It has been twenty years since I first read Alan Cooper’s book “About Face – The Essentials of User Interface Design”. At the time I was working as a product manager for a division of a Fortune 500 company. I had become interested in programming while working on a part number cross-reference tool for our order desk. I took Cooper’s book with me on a 10-day business trip. Reading it was instrumental in starting a career change for me from marketing to IT.
At the time he wrote “About Face”, Alan Cooper was best known as the “Father of Visual Basic”. For anyone who had learned programming using a command-line style C compiler, the VB IDE was a breath of fresh air and won Cooper awards. The VB IDE was an early example of Cooper’s obsession with making user interfaces more intuitive. In the case of VB, the users were programmers who were using VB to create user interfaces for others. Over the years Cooper has written more books on the same subject (interface design) including “The Inmates Are Running the Asylum: Why High-Tech Products Drive Us Crazy and How to Restore the Sanity” and three more editions of “About Face”.
In Cooper’s explanation of what “About Face” is about he says, in part, “To those who are intrigued by the technology – which includes most of us programmer types – we share a strong tendency to think in terms of functions and features. This is only natural, since this is how we build software: function by function. The problem is that this isn’t how users want to use software.”
Cooper now runs a San Francisco design firm specializing in “Interaction Design”. The normal development cycle for computer software goes something like this: gather requirements, design, code, deploy, train and support users, repeat. Cooper instead focuses on designing software systems around real-world usability from the very beginning, lessening the need for training, support and repeat cycles. While software design tools such as the Unified Modelling Language (UML) do use “actors” to represent users that interact with a software system, those “actors” can be very generic and can even simply represent other systems interacting with software. Cooper and his design team have taken the “interaction” concept a step beyond by creating what they refer to as “personas” to represent not just human users of a system, but human users with varying skill levels and different tasks to perform and different needs from the system. Designers are encouraged to give the personas names and personalities to help them identify with them and think about how they would be using the software.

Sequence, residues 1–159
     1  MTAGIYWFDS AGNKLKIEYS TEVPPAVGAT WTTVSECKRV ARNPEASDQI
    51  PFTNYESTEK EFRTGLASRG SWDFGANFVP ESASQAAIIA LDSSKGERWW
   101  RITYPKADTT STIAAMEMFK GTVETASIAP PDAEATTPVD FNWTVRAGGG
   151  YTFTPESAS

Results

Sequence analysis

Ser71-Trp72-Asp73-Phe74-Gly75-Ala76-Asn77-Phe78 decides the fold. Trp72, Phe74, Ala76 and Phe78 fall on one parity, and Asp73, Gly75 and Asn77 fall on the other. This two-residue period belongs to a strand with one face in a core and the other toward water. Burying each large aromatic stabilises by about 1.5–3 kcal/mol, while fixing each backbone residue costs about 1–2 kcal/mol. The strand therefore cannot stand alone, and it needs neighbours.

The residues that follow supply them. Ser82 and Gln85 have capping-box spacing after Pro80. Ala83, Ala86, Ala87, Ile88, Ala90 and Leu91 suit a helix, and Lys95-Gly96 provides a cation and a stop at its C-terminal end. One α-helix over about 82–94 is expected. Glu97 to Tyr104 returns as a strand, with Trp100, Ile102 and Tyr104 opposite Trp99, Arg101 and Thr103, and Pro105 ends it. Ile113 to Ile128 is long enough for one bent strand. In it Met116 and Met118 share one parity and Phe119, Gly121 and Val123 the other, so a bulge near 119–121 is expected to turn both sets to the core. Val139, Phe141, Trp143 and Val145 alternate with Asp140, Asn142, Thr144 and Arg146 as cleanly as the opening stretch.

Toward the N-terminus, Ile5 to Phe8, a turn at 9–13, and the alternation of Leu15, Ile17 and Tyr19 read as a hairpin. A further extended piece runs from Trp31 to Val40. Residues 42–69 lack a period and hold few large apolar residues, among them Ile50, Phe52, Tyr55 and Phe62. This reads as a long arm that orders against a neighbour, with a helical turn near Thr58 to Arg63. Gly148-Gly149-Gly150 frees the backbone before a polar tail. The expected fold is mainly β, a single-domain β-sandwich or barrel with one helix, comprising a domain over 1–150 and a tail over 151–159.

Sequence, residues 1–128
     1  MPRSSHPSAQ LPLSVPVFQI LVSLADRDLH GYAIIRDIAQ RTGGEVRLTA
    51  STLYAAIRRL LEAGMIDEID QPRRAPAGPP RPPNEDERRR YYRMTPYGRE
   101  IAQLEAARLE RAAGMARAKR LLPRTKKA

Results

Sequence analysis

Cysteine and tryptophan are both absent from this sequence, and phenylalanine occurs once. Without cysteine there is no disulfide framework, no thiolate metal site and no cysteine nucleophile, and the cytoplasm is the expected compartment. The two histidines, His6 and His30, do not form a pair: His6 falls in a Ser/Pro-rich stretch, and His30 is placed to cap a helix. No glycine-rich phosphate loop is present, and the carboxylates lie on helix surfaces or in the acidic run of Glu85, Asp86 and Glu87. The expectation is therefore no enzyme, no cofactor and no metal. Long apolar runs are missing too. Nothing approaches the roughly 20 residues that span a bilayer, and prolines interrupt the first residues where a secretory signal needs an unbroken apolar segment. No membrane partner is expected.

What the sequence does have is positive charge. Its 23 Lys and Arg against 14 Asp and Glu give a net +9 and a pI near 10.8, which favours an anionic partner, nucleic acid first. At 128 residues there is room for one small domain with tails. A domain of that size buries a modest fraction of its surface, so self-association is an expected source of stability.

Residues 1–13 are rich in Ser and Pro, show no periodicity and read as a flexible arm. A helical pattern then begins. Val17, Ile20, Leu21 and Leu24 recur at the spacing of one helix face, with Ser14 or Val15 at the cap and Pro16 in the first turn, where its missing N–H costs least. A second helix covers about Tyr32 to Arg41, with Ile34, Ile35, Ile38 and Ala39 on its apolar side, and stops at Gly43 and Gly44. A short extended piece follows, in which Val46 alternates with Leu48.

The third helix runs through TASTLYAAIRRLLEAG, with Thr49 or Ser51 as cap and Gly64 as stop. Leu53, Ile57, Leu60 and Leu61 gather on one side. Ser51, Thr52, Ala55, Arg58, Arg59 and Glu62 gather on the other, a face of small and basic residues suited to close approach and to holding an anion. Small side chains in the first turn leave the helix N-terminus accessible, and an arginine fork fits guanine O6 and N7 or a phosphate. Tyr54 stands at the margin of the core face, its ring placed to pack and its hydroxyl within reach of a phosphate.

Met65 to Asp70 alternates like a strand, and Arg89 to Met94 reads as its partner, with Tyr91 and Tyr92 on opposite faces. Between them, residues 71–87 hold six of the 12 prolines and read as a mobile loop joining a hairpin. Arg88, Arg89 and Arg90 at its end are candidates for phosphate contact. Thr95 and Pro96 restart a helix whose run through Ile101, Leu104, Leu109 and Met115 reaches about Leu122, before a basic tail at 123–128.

Critics have pointed out the similarities between Cooper’s methods and methods used by marketing. Nevertheless, using personas to design for a wide swath of possible users — such as may be the case with web applications — makes more sense than simply designing for a generic “user” and is simpler and less costly than employing focus groups or surveys.
Many thanks to Alan Cooper for helping me decide to make a career change those many years ago and for continuing to be a source of new ideas and inspiration.